What should you do if you come across an inappropriate image?
FIRST, TURN YOUR MONITOR OFF without notifying your neighbor or inviting anyone else to view it! NO ONE else needs to see the image, and it doesn't require a classroom announcement to take care of the problem.
THEN, find your teacher right away and report the image. Teachers will contact the website to let them know that they need to take it down.
3. After finding an image that interests you, copy or download and create a personal copy of the 10.Q1 Answer Template ( Google doc version, microsoft office version: Quest 1 Answer Template). Photos you download from Photos for Class will include the URL, date, and proper citation with the image when you open it up (see example).
Giving Credit ~ Cite the Source: Steps 4-6
4. Find and read the information that describes the image you selected if it is available (sometimes you might need to right click on the image to view "Properties"). You will use this information for your citation in Step 5.
Below is a screen shot of some of the information you might be able to locate on an image. Although it might appear different on your site, notice it includes the image name, size, and owner:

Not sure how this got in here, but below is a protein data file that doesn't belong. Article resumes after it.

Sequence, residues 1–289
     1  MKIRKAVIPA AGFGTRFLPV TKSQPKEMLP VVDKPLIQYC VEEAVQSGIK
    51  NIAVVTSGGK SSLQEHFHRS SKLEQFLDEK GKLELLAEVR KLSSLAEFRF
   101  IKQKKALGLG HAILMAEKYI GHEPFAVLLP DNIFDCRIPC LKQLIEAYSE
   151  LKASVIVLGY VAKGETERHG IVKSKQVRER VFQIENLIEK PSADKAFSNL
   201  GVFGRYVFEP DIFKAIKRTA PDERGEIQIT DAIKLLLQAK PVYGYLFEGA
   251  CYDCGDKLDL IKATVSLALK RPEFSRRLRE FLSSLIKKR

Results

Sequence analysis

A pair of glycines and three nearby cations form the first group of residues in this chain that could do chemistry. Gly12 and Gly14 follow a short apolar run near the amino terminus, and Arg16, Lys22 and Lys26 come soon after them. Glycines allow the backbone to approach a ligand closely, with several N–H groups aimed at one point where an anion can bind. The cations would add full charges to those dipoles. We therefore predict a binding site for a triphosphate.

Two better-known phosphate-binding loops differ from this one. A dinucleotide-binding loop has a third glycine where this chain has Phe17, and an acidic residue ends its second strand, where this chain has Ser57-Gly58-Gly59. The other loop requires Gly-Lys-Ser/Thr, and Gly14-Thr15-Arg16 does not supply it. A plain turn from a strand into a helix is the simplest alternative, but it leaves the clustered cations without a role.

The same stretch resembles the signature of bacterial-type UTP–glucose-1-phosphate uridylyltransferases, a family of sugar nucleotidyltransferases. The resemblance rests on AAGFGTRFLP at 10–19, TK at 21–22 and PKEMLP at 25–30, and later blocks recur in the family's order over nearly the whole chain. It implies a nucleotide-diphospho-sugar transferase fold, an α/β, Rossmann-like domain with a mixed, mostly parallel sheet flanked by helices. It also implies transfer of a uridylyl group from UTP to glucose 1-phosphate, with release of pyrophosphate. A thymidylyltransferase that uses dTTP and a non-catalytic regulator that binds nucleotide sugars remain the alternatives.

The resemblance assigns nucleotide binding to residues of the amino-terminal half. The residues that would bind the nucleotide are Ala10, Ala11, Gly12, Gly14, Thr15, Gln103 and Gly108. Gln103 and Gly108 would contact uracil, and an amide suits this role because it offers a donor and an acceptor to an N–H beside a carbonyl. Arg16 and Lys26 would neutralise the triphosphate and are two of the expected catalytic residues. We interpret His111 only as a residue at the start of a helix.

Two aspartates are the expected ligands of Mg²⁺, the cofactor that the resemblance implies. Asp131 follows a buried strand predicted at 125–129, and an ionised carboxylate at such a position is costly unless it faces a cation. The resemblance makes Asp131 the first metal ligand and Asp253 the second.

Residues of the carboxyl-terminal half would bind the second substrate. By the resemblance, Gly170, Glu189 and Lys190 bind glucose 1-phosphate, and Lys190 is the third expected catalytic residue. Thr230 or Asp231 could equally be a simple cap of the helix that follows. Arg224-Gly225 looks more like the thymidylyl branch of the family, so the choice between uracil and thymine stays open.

To learn more about file formats, follow this link. What format is your digital image?
5. Generate a citation for your image. Use this Citation Machine for Images resource and the information from step 3 and 4 to create a citation for your images. Place your citation in the Quest 1 Answer Template. Did it look like the citation that might have been provided with the image?
6. This time, create a sample Creative Commons license for the image. If you are not able to locate the name of the owner/producer of the image to put in the license, you may use your own name or author unknown for this example. For video tutorials on how to create a Creative Commons license, review "Stop the Pirates " (Q3 in Be Legal and Fair). To help you describe the kind of license you chose in the template, use this creative commons vocabulary (updated 2018-9) as you consider the type of license that may be helpful. You will need to do a screenshot of your license for this activity and insert it into your template document.
Completing this Quest
Upload or turn in this assignment as your teacher directs.
Check off this Quest on the 21t4s roadmap
I am ready to go on to Quest 2, Image Magic
Competencies & Standards
MITECS Michigan Integrated Technology Competencies for Students, and
2. Digital Citizen
c. Demonstrate an understanding of and respect for the rights and obligations of using and sharing intellectual property
6. Creative Communicator
a. Choose the appropriate platforms and tools for meeting the desired objectives of their creation or communication
Common Core Standards
CCSS.ELA-Literacy.CCRA.W.8 Gather relevant information from multiple print and digital sources, assess the credibility and accuracy of each source, and integrate the information while avoiding plagiarism.
Integrate and evaluate information presented in diverse media and formats, including visually, quantitatively, and orally.